Deviant Discoveries – Per Fhager

Kate Blandford's Deviant Discoveries

Here we are. 2018. We’ve had a fight about a big red button, the NHS is on it’s knees and the new series of Black Mirror might as well be reality TV. Cheery huh? To lighten the mood how about a nostalgic trip back to 90s? When life seemed a lot simpler and one of my biggest concerns was if I would I ever complete Cave Offensive on Kirby (FYI I haven’t but I am still working on it). This month’s Deviant Discovery is Swedish artist Per Fhager. How on earth have I not stumbled upon his work before?

Fhager’s exhibition ‘Crafted Worlds’ is not only a visual delight but also touches on a lot of other themes, both playful and thought provoking. By displaying his work in a gallery context, the pieces begin to blur the lines between ‘art’ and ‘craft’ which opens up all kinds of discussion about where embroidery belongs and who it belongs to. Not to put anyone in boxes here, but to an outsider Fhager has fused a practice historically linked to “women’s work” with video games, a world that once was largely dominated by men.

Deviant Discoveries - Per Fhager

Deviant Discoveries - Per Fhager

By making tangible pieces that only existed digitally and spending hours meticulously embroidering a screen shot that had a brief moment of gameplay brings an interesting tension within the work. Having said that, I dread to think how many hours I have spent playing on the aforementioned Cave Offensive. Crafted Worlds celebrates both video gaming and needlepoint. Both reflective of the time we invest into them.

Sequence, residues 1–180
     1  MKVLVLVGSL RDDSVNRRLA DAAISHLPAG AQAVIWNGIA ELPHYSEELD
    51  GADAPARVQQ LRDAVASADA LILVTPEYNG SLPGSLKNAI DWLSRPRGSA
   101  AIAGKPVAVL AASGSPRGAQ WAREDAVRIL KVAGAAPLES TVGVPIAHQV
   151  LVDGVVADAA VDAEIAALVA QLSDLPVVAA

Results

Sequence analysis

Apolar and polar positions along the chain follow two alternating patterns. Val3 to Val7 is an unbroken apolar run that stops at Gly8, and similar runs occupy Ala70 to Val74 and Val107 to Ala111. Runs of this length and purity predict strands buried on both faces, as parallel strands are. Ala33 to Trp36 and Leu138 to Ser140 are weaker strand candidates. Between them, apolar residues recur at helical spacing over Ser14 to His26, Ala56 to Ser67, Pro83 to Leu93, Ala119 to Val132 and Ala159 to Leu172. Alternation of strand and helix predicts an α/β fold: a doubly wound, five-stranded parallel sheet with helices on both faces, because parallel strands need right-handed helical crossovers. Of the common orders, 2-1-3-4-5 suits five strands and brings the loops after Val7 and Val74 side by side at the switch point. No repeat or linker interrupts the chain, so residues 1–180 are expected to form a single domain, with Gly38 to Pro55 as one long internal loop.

In hundreds of years time will art historians be looking back on Fhager’s work trying to determine why we were so fixated on escaping reality by becoming a plumber and trying to save a Princess from a dinosaur? I don’t know but it’s a cool thought.

If you want to keep up to date with his latest work you can find him on Instagram here.


It's Kate BlandfordKate Blandford is a craft and doodle enthusiast currently working in Bristol. With a penchant for cross stitch and pixels, Kate produces work dabbling in both the handmade and the digital. Her work was once described as ‘shabby chic for Satanists’ due to her love of embroidery, twee skulls and Slayer. You can visit her website here: